Osseous surgery, sometimes referred to as pocket reduction surgery refers to a variety of different surgical approaches aimed at gaining access to the tooth roots to remove tartar and disease-causing bacteria.
Goals of Osseous Surgery
Osseous surgery is used to reshape deformities and remove pockets in the alveolar bone surrounding the teeth. It is a common necessity in effective treatment of more advanced periodontal diseases. The ultimate goal of osseous surgery is to reduce or eliminate the periodontal pockets that cause periodontal disease. Despite the word “surgery” the procedure is reported to feel more like a thorough cleaning.
The specific goals of osseous surgery include:
- Reducing Bacterial Spread:
Bacteria from the mouth can spread throughout the body and cause other life-threatening conditions such as heart disease and respiratory disease. Removing deep tartar and thereby bacteria can help reduce the risk of bacteria spreading.
- Preventing Bone Loss:
The immune system’s inflammatory response prompted by periodontal bacteria can lead to bone loss in the jaw region, and cause teeth to fall out. Osseous surgery seeks to stop periodontal disease before it progresses to this level.
- Enhancing the Smile:
Mouths plagued with periodontal disease are often unsightly. Brown gums, rotting teeth, and ridge indentations can leave a person feeling depressed and too self-conscious to smile. Fortunately, osseous surgery can help reduce bacteria and disease and thereby restore your mouth to its former radiance, while restoring confidence at the same time.
- Facilitating Home Care:
As the gum pocket deepens, it can become nearly impossible to brush and floss adequately. Osseous surgery reduces pocket size, making it easier to brush and floss, and thereby prevent further periodontal disease.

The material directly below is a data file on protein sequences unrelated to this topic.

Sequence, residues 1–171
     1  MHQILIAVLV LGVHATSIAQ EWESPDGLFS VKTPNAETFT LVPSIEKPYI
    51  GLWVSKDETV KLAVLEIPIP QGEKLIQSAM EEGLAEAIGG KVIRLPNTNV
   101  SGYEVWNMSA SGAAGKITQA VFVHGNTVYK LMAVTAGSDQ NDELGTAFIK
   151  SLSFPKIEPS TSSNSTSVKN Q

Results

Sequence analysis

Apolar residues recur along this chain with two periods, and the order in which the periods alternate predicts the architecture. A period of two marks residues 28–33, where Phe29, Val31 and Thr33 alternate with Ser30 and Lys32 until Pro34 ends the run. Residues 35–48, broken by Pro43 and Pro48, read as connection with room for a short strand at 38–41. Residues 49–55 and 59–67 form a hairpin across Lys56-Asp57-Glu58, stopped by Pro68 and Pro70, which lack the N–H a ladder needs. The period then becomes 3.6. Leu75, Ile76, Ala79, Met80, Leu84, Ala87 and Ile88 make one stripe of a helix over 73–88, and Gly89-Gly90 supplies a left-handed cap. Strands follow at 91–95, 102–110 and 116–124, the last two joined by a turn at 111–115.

What does osseous surgery entail?
A local anesthetic will be used to numb the area prior to surgery. First, Drs. Atlas, Hsiao, Endy or Blackhurst will make an incision in the affected area to release the gum tissue and allow visual access to the bone and roots of the teeth. After the roots have been thoroughly cleaned ultrasonic and hand scaling, precision instrumentation will be used to create a more healthy bone topography . Bone grafting may also be necessary to fill in large defects.
Next, the gums will be placed back over the remaining bone and stabilized with sutures. In order to protect the area and improve your comfort, the area will also be covered with a bandage (periodontal pack) or dressing. Medications to prevent and reduce the extent of post-operative discomfort will be prescribed along with antiseptic mouth rinses to ensure optimal healing following the procedure.
Although bleeding and swelling are possible following surgery, a proactive approach during your healing can reduce the extent and duration. Application of ice on the check We recommend a low level of physical activity following your procedure, application of ice outside the affected area during the first 24 hours, and to take the medications as recommended by your doctor. In cases where the bleeding and swelling is in excess, it is advised that you call to notify our office. Several follow up visits may be necessary and you must fulfill a meticulous maintenance program especially during the initial phases of healing to avoid post-operative infection.